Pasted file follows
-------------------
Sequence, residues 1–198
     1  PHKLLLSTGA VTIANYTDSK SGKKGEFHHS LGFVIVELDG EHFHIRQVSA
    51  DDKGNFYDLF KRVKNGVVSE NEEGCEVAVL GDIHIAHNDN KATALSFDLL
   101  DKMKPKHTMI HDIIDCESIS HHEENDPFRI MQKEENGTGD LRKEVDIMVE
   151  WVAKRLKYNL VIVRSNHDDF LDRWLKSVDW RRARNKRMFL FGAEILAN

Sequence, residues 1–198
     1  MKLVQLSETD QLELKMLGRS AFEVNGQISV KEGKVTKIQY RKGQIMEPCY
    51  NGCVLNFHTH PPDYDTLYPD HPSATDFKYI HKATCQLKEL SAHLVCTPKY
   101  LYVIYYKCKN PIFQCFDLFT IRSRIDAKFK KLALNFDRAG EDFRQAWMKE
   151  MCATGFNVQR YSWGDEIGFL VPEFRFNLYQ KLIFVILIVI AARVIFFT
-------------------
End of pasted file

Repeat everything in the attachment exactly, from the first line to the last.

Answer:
Sequence, residues 1–198
     1  PHKLLLSTGA VTIANYTDSK SGKKGEFHHS LGFVIVELDG EHFHIRQVSA
    51  DDKGNFYDLF KRVKNGVVSE NEEGCEVAVL GDIHIAHNDN KATALSFDLL
   101  DKMKPKHTMI HDIIDCESIS HHEENDPFRI MQKEENGTGD LRKEVDIMVE
   151  WVAKRLKYNL VIVRSNHDDF LDRWLKSVDW RRARNKRMFL FGAEILAN

Sequence, residues 1–198
     1  MKLVQLSETD QLELKMLGRS AFEVNGQISV KEGKVTKIQY RKGQIMEPCY
    51  NGCVLNFHTH PPDYDTLYPD HPSATDFKYI HKATCQLKEL SAHLVCTPKY
   101  LYVIYYKCKN PIFQCFDLFT IRSRIDAKFK KLALNFDRAG EDFRQAWMKE
   151  MCATGFNVQR YSWGDEIGFL VPEFRFNLYQ KLIFVILIVI AARVIFFT